By: Jayson DeMers
Small businesses generally face harsher circumstances when it comes to planning and launching a marketing campaign. They have less revenue and capital, which means they’re more limited in the strategies they can pursue. They have fewer resources, which mean their teams are smaller and less experienced. And they generally have less data and first-hand experience with which to strategize in the first place.
One of the best marketing strategies for small businesses is content marketing, due to its approachability and affordability, but creating a content marketing strategy can still be an intensive and intimidating process. If you’re new to the content marketing world and you want to launch a content strategy for your business, I’ve reduced the process to three steps:
Step 1: Research
The first phase is perhaps the most important, because it’s going to give you the information you need to fuel the rest of your strategy. With the wrong information, or without enough information, you won’t be able to draft an effective strategy, so pay attention to these main areas:
Audience. First, you’ll need to consider your audience. Don’t just assume who your target demographics are, or how they behave—be as objective as possible by conducting market research. What types of content are your typical buyers into? What are their needs? Where are they going to find new information? This will help you determine how best to target them in your choice of topics and mediums.
Competition. Take a look at what your competitors are doing in their content marketing campaigns. Are they doing nothing? This could be a key advantage for you. Are they failing in some ways? How could you improve upon them? Are they succeeding in some ways? What can you learn about this area of success?
Trends. Next, you’ll want to take a look at some of the content trends going on, both in and out of your industry. Your competitive research might have given you some insights into what’s popular for the moment, but expand your view to see what other types of content being most shared, and most are talked about in the content industry. For example, video and interactive content are currently trending forms of content marketing.
Platforms. Take a look at what platforms are reaching peak popularity, especially in the context of your target audience. Are there any blog formats or social media platforms that stand out to you as significant opportunities? Take note of them, and be sure to incorporate them into your strategy.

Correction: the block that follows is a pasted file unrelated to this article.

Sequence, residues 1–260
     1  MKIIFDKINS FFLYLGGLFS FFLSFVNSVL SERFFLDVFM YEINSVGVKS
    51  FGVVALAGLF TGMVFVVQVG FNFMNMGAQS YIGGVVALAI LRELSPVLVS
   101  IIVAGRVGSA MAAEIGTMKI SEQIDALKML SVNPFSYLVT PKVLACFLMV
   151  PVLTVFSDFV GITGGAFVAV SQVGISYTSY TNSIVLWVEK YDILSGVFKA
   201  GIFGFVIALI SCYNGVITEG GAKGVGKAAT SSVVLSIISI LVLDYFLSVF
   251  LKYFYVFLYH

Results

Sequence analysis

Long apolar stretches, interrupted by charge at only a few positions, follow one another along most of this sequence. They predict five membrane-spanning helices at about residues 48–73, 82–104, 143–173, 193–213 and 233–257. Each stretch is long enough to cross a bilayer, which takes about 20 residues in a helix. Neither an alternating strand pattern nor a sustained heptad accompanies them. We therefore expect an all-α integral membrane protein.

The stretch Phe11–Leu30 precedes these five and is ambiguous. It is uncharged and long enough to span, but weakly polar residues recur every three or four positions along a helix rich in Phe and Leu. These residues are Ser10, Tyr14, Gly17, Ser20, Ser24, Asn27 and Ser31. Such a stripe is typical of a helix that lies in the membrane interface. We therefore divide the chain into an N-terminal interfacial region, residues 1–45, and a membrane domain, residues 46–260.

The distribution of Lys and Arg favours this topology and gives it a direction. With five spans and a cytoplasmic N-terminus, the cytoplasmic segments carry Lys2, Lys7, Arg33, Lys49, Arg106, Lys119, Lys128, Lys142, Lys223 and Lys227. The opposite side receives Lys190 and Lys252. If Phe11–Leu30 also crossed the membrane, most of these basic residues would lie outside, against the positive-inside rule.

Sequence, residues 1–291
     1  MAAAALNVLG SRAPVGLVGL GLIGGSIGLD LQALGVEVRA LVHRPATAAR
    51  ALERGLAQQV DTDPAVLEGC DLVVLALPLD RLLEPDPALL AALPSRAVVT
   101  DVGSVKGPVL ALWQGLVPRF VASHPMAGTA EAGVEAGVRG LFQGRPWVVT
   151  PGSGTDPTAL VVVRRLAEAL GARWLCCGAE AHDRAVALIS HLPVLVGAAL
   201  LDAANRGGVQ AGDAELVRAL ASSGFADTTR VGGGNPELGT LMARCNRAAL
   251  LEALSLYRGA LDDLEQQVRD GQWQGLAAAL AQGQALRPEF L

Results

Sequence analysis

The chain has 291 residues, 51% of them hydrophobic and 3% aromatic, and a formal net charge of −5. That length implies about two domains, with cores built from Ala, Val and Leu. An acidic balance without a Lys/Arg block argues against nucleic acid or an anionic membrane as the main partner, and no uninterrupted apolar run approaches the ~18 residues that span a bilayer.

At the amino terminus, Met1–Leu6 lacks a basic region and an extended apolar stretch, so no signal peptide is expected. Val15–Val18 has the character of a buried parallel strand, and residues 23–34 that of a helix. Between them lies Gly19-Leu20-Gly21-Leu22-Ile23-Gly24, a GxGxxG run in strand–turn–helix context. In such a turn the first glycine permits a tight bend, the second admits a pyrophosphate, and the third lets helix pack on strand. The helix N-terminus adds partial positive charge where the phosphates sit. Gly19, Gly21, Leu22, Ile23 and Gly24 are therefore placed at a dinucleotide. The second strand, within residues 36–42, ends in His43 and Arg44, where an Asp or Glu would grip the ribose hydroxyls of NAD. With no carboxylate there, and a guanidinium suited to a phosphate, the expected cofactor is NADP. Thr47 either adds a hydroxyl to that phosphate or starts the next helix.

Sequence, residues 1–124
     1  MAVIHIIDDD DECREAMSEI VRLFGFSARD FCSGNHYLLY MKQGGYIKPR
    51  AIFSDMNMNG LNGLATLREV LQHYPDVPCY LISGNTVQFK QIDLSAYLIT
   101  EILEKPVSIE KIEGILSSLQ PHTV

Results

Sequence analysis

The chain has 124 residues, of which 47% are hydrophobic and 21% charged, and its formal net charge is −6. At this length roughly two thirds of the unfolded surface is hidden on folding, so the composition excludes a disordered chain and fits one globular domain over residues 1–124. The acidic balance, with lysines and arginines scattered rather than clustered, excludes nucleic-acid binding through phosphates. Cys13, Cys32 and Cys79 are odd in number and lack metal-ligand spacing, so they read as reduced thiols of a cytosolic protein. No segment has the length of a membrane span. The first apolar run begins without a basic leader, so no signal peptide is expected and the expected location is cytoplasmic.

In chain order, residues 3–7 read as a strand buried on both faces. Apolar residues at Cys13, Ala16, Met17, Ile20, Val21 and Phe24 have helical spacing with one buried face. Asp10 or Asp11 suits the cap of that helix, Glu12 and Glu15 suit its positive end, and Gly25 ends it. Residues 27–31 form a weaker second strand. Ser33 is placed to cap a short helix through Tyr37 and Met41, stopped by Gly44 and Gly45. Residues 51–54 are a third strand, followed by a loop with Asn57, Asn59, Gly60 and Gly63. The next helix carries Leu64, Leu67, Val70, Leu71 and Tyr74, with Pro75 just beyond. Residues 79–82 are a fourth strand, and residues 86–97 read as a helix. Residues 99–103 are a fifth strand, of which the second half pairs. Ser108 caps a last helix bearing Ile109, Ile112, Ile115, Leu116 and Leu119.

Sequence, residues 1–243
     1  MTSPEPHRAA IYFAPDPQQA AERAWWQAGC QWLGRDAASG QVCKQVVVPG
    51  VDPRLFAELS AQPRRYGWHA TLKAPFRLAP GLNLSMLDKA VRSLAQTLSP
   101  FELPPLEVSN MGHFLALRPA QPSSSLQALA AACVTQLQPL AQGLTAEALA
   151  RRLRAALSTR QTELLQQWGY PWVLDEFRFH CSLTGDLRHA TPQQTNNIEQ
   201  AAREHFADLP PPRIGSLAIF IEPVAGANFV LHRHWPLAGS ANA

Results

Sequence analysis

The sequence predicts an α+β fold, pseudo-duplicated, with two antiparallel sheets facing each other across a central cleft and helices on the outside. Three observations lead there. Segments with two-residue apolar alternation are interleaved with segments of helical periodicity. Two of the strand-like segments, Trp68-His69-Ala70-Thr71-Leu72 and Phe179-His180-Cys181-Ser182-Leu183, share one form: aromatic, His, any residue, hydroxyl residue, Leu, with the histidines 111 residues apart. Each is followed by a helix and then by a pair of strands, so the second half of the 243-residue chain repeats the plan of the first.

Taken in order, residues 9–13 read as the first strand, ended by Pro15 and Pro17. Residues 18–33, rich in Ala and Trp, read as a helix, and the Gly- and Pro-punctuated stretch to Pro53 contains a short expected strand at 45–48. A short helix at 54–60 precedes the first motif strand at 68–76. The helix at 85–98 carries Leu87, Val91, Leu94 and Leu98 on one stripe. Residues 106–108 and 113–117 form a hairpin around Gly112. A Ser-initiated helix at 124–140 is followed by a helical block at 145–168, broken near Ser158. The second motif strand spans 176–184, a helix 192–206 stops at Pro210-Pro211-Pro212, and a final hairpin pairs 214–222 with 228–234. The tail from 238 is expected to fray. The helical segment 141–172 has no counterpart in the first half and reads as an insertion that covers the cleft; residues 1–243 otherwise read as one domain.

Step 2: Set Goals
Next, you’ll need to set goals for your campaign. You have some preliminary information that should help you understand your place in the industry, and approximately what level of success you could achieve. Use that information, in combination with what you know about your capacity, to come up with a list of specific goals for your campaign:
Objective targets. First, you need to know what your actual goals are, as content marketing can be used for dozens of different purposes. Are you using it as fuel for an SEO or social media campaign? Is it more about customer retention? Or are you trying to secure more conversions?
Timeframes. Next, you’ll want to establish some timeframes. Content marketing always takes time to develop, but you can push for faster results in some cases if you need to. When do you need to start seeing results, and what do you need to do to get there?
Investment. The third variable here is how much time and money you’re willing to invest in the process. You can’t have a high goal in a short timeframe unless you’re willing to pay for it.
Step 3: Draft
You know what you want to achieve, so now you need to come up with the nuts and bolts of how to achieve it. This is the drafting process, and it’s going to dictate everything you do in your content marketing efforts:
The course. I could write dozens of articles about the actual course of content marketing, from start to finish; what topics and mediums you’ll choose, how to come up with subjects, how to draft and publish those features, how to distribute and syndicate them, off-site versus on-site… the list goes on. Use your goals and your research to determine your approach, all around. For help, see The All-in-One Guide to Planning and Launching a Content Marketing Strategy.
Phases. You’ll also want to segment your content marketing approach into phases. If you’re just getting started, you may not want to go full throttle right away; use one phase to build a blog archive and social media following before moving up to a higher-scale effort. Just remember that you’ll want to plan your early phases in more detail and your later phases less specifically.
Resource allocation. This is an important component of your strategy that many over-ambitious entrepreneurs neglect. Who’s going to take over these responsibilities? Will members of your team be tackling it? Will you use contractors? An agency?
Room for flexibility. Finally, keep in mind that your strategy should be written with a degree of flexibility in mind. Your strategy won’t be effective at first; instead, you’ll use it to gather more information about your environment, which you can use to refine your strategy in the future.
Hopefully, these three broken-down steps have helped you understand what goes into a content marketing strategy, and how you can build and execute one even if you have limited resources and capital.
The process is complex, and can be scaled to massive heights—so don’t be fooled into thinking it’s straightforward or easy—but it is approachable, and it is possible to build a successful strategy by only starting with the basics.